Courses of Interest
An examination of those areas in the economic analysis of development where there have been recent analytical or empirical advances. Emphasis is given to the formulation of theoretical models and econometric analysis and testing. Topics covered include models of household/farm behavior, savings behavior, equity and efficiency in pricing policy, project evaluation, measurement of poverty and inequality, and the analysis of commodity prices.
Intensive three week field course during (dates to be determined) in a suitable tropical locality. Readings, discussions, and individual projects. The content and location are varied to suit the needs of the participants. Students provide their own travel funds
Global warming is emerging as one of the major issues of our times. It is also highly polarizing. In this seminar, we study climate change through some common claims made by climate skeptics. As we do so, we explore our inherent biases and how they affect our choice of news sources. In our search for "truth," we will do field work to evaluate the assertion that protecting and growing forests is essential to achieving a carbon neutral future. For our final project, we will examine our personal responsibility in the climate problem and the ethical, economical and societal value of buying offsets to erase our carbon footprint.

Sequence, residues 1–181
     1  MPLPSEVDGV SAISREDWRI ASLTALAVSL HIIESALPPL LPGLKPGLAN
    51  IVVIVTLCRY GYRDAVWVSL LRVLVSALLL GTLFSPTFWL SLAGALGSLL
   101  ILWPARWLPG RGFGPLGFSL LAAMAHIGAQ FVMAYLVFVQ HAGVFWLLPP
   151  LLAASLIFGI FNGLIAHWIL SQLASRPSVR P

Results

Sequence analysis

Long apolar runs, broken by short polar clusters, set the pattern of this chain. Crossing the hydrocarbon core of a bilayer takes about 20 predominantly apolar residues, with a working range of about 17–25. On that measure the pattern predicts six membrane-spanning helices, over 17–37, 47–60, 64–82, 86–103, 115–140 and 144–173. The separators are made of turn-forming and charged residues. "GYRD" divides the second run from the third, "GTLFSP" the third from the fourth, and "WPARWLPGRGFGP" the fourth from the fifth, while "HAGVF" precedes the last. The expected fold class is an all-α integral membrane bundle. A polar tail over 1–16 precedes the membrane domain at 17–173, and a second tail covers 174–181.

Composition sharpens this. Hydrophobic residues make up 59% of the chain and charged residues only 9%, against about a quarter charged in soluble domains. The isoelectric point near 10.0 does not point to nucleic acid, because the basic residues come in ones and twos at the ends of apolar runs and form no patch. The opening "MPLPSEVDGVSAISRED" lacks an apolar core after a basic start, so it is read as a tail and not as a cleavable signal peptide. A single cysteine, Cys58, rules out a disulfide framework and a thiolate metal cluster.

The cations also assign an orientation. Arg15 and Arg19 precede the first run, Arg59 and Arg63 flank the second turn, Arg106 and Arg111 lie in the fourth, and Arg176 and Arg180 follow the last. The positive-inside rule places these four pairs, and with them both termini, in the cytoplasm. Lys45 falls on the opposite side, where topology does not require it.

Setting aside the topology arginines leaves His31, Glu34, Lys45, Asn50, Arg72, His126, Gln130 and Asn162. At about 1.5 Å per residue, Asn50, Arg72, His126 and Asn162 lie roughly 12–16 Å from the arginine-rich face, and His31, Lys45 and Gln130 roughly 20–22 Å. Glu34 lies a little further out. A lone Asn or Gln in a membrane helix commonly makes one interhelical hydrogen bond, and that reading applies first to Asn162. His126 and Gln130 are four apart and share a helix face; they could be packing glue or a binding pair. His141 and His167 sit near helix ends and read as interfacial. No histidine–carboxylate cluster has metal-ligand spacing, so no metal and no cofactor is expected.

This course examines the history, cultural production, and revolutionary thought of Portuguese-speaking Africa, Angola, Mozambique, Guinea Bissau, Cape Verde, and São Tomé and Príncipe, during the liberation process broadly conceived, from the first expressions of nationalism in the late 1800s to the post-colonial challenges of today. By examining mainly literature and social thought, but also music, cinema, the press, diaries, letters, and pieces of legislation, among other objects, we will explore the imaginations of class, race, gender of revolutionary movements and moments of Portuguese-speaking Africa.
This course presents concepts and tools from microeconomic theory with an emphasis on how they are applied to public policy analysis. No previous experience in economics required although students should be familiar with basic concepts in calculus. A strong understanding of algebra is a prerequisite.